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The legendary il Maestro, Giorgetto Giugiaro, created yet another one of his masterpieces when he penned the extreme wedge Lotus Esprit in 1976. However, so did Peter Stevens when he updated those revolutionary lines 11 years later.

It is of course Giugiaro who is deemed the genius of the two. Probably rightly so too; as we all know, he created everything from the gorgeous Alfa Romeo “Bertone” coupé to the original VW Golf, and so much more across several decades of automotive design. It can almost be difficult to comprehend the extent of his talent. An absolute genius – no doubt!

The Series 1 from 1976: Only 718 were manufactured between 1976 and ’78. Such a simple and delicate sportscar design.

So was his treatment of the flat plain surfaces on the mid-seventies Lotus – genius that is. It’s presumably the most true-to-form wedge which ever reached mass production. Practically every line on the Esprit is so ruler-straight, that it could just about have been folded in paper. Which explains why the Esprit kicked off a new design language which was – and still is – aptly referred to as Origami Styling. There’s no denying that the Esprit was rather extreme, yet it was still well received by both the press and the public, as it was just so striking and so right in its own angular way. I have always held the original Esprit in very high regard.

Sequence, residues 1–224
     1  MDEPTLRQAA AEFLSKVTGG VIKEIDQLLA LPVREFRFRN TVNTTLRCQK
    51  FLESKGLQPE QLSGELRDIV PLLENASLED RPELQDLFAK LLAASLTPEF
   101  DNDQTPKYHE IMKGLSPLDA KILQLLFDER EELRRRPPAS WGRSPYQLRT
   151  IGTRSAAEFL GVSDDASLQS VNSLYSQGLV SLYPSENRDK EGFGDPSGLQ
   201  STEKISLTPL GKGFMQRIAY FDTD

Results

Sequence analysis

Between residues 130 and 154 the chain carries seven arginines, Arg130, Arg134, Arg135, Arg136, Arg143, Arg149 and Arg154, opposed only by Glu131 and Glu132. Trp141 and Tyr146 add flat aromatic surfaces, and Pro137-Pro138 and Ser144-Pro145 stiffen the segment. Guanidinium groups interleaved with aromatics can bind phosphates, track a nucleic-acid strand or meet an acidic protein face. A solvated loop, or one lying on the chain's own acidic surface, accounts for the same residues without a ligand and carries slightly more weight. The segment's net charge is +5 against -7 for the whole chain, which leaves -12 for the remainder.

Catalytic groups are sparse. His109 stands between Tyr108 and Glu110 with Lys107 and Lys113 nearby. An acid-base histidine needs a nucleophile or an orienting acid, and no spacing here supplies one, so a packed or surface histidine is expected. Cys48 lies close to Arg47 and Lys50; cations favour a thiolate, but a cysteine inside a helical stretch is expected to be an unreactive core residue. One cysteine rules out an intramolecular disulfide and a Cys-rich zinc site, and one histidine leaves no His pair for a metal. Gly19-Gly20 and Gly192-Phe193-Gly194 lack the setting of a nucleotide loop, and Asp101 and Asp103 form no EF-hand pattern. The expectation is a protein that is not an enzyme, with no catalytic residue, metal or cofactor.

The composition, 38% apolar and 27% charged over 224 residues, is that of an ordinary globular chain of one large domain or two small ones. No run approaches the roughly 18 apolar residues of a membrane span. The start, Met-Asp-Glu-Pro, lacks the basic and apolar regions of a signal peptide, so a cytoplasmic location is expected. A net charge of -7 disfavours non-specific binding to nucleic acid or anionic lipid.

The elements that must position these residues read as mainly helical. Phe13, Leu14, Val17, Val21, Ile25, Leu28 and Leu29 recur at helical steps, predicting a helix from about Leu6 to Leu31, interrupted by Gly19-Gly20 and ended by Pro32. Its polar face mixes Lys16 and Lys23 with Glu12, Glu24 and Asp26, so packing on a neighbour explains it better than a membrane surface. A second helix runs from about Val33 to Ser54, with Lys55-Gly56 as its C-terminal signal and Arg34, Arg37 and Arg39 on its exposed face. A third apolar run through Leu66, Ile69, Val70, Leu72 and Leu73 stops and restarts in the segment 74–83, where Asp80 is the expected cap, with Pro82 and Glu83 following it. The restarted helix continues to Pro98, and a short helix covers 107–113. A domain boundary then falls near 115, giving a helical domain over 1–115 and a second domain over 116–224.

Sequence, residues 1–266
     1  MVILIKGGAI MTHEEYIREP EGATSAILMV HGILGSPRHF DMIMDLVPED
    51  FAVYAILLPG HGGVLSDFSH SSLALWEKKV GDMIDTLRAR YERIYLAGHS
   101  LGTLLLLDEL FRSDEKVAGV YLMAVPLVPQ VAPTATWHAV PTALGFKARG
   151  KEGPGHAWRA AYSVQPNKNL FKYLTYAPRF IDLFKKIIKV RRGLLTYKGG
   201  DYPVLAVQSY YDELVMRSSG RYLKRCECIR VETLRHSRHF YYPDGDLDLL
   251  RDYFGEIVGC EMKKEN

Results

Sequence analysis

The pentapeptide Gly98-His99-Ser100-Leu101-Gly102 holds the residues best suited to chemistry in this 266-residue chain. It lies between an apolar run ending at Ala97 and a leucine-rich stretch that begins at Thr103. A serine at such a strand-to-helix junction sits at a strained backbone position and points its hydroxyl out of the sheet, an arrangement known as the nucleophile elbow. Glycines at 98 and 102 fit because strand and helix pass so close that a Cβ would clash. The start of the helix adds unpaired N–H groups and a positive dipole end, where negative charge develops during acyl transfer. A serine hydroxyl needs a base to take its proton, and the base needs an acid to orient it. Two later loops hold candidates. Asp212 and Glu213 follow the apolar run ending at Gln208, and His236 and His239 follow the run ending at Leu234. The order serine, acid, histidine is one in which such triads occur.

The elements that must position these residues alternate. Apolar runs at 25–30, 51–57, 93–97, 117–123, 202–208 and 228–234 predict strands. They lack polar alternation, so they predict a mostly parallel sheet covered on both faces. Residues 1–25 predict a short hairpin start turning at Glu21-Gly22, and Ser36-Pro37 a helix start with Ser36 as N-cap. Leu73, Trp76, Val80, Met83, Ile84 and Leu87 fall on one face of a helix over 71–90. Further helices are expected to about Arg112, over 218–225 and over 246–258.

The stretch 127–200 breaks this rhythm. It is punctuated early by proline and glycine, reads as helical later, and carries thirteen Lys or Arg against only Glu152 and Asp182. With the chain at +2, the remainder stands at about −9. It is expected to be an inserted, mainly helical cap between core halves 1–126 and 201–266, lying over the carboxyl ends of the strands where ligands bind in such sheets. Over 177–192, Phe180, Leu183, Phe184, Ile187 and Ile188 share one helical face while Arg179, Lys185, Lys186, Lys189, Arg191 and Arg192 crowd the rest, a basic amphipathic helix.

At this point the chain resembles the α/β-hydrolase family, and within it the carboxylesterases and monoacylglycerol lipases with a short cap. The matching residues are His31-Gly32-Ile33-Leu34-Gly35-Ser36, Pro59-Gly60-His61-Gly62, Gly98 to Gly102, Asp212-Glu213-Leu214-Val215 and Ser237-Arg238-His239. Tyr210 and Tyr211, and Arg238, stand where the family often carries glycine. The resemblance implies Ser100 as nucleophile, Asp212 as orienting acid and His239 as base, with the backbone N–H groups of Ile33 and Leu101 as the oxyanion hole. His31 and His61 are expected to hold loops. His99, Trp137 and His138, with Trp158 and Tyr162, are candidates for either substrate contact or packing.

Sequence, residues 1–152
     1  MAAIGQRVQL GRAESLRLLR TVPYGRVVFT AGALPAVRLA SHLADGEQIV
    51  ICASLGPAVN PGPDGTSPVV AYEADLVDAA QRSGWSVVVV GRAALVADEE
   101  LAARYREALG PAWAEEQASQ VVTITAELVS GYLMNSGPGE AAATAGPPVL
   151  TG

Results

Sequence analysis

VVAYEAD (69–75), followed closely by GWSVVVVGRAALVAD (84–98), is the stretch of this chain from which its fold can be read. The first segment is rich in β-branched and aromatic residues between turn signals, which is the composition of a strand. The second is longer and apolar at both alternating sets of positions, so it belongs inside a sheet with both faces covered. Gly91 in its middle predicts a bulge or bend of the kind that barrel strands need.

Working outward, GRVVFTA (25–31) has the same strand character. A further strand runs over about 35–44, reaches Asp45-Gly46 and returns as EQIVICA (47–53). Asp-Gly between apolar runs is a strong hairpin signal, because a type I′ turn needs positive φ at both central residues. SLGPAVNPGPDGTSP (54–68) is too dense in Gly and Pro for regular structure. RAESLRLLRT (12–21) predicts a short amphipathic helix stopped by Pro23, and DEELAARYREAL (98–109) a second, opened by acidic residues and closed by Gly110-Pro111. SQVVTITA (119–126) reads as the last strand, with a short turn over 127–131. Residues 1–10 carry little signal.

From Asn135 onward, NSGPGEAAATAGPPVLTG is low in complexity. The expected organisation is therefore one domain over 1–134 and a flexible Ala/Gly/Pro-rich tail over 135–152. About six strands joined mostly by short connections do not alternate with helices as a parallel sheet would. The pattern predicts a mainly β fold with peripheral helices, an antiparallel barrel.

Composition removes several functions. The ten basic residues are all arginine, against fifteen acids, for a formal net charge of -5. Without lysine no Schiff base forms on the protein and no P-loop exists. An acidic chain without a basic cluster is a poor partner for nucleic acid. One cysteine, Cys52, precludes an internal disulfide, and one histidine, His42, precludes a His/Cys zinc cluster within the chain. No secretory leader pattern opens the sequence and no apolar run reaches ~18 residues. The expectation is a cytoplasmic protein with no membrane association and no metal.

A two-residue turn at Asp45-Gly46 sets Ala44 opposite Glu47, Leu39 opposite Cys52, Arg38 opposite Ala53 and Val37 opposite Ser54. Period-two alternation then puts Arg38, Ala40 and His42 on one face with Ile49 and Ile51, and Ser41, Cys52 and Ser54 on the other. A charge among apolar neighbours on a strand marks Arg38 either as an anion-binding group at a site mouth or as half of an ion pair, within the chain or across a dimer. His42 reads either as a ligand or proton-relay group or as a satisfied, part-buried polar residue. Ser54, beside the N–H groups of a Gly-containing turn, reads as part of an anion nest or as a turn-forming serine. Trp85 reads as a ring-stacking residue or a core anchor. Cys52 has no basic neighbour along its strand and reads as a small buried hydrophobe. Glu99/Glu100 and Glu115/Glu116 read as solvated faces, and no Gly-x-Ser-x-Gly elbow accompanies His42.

The S2 with a better integrated frontspoiler those funky seventies Speedline alloys.

Which I must confess, I didn’t do initially when Peter Stevens attempted to bring Giugiaro’s seventies Esprit into the late eighties. Back then, I found it somewhat bland and uninspiring (relatively speaking of course, for a 114cm low mid-engined sportscar). It just didn’t challenge us like the original Esprit had done – it wasn’t pushing the boundaries. But then, Stevens’ philosophy had deliberately been to remain true to the original. He didn’t want to change it – only update it a little. And he did so very softly and with great care and respect. As such, it’s claimed that the facelifted Esprit doesn’t divert from the original design by more than an inch in any one place.

The facelifted Esprit from 1987: Unmistakably Esprit – just brought up-to-date rather than clinging to its by then somewhat dated seventies design.